How to Wash Dreads?


Dreads have been around for quite some time, and we have to say, it’s one of the gorgeous hairstyling methods of all time.

In this method, all your hair strands are carefully braided or ‘locked’ into separate bunches of thick braids to give a rope-like structure to your hair.

Not only is it really pretty to look at, but it’s also casual as you don’t have to spend extra time doing your hair every morning.

But that being said, dreads do need care. And most often than not, people have no idea how to wash dreads. At least, not properly anyway.

Dreads require a very sophisticated and specific hair-washing technique to keep them ever-fresh and lively.

So, don’t fret if you don’t know what you’re supposed to be doing with your dreads. We are here to help you out with a step-by-step guide on dreads washing along with some much-needed info on drying them.

Read through the entire article to know all about them.

Table of Contents

How Often Do You Have to Wash Your Dreads?

Despite having a casual style, even dreads need to be washed every once in a while. While normal hair requires vigorous washing every day or two, dreads should be washed once a week for the first few months.

After they have transitioned to mature dreads, you can extend the washing period by another half of a week or so.

However, the rate of washing your dreads corresponds to the rate of product build-up in your hair.

Not everyone’s hair is the same, and most often than not, working or living in a harsh environment will accelerate the rate of product build-up in someone’s dreads.

In that case, the washing period needs to be changed accordingly. It’s highly recommended that you don’t wash your braided hair more than once a week.

Since all your hair is braided, i.e., locked in together, extensive washing will cause them to get loose and come apart.

Keep that in mind before orchestrating your personalized hair-washing schedule, and it should be fine.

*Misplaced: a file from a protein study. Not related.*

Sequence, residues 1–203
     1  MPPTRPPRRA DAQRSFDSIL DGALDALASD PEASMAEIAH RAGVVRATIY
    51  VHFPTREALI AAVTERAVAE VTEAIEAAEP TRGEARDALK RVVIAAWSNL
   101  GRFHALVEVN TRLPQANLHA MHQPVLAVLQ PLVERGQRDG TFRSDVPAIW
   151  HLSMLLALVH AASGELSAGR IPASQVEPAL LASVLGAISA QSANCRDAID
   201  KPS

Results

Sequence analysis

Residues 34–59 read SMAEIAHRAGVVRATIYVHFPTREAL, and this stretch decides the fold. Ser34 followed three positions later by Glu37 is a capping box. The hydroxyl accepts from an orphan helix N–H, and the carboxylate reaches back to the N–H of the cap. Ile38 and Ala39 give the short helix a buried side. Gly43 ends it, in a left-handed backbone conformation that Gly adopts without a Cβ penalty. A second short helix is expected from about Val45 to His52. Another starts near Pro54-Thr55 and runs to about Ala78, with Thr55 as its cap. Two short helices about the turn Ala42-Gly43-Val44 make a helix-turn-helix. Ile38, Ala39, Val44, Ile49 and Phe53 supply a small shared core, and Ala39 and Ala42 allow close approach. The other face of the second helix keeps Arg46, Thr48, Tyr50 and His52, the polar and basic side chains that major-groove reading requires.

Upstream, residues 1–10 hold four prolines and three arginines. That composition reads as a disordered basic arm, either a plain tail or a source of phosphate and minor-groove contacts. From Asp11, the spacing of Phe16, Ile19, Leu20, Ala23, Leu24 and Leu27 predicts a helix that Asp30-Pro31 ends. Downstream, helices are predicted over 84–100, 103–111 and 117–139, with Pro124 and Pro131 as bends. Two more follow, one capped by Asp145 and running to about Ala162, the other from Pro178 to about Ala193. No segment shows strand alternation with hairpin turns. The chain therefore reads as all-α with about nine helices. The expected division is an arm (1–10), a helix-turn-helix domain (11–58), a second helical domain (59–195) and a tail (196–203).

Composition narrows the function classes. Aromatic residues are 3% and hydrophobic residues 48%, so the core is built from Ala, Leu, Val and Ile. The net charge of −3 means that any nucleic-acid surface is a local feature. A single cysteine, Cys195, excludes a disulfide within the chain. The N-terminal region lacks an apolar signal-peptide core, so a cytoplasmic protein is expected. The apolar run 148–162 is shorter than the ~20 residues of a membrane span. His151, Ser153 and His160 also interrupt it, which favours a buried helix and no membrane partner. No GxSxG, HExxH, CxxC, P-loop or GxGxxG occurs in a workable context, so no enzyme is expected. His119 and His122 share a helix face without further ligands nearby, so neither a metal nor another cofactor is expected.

How to Avoid Product Build-up in Your Dreads?

Well, technically, you cannot avoid product build-up in your dreads or hair. Our hair constantly interacts with the outside environment and gets in all sorts of dust, dirt particles, dead skin cells, etc.

And since your roots, i.e., the base of your hair, is somewhat oily, all those minuscule particles are getting stuck right there and causing build-up.

This is the primary reason why your hair (even normal hair) gets matted if it goes unwashed for a few days. That being said, even though you can’t stop the whole build-up process, you can certainly minimize the overall rate of build-up.

By following a few easy steps, you can keep yourself safe from grease by ensuring fresh and lively hair at all times.

For example – if you are going out in the sun or a dust-filled place, cover your hair with a scarf to protect it from the UV rays and dirt.

Always dry your dreads properly. Otherwise, your hair will retain moisture from water, and that will weaken the roots and invite more build-ups.

And finally, always wash your dreads in time exactly as instructed to keep them free from all the accumulated dirt and grease.

A Step-By-Step Guide on How to Wash Dreads

As previously mentioned, washing dreads is a sophisticated and complex procedure that you need to carry out carefully. Any wrong or ignorant steps will mess up your dreads and might even cause excessive hair fall.

So, for your convenience, here’s a step-by-step guide on how to wash your dreads:

Pre-wash Arrangements

Yep. Before you wash off the dreads, there are some things you need to do to get rid of extra product build-up residues. That way, your hair will be less dirty, and it will also prepare the hair for further rejuvenation.

First of all, make a concoction at home using either apple cider, baking soda, or vinegar. For baking soda, use two tablespoons per mug of water, and for cider and vinegar, the ratio should be about 1:4.

Once you have prepared the concoction, lie down against the basin and then pour the concoction of soda/cider/vinegar over the hair.

Try to cover the roots as you go, as that’s where the residues are. The water must be lukewarm so that the reaction takes place more vigorously. Fill the basin up with the concoction, and then leave your dreads in there for 15-20 minutes.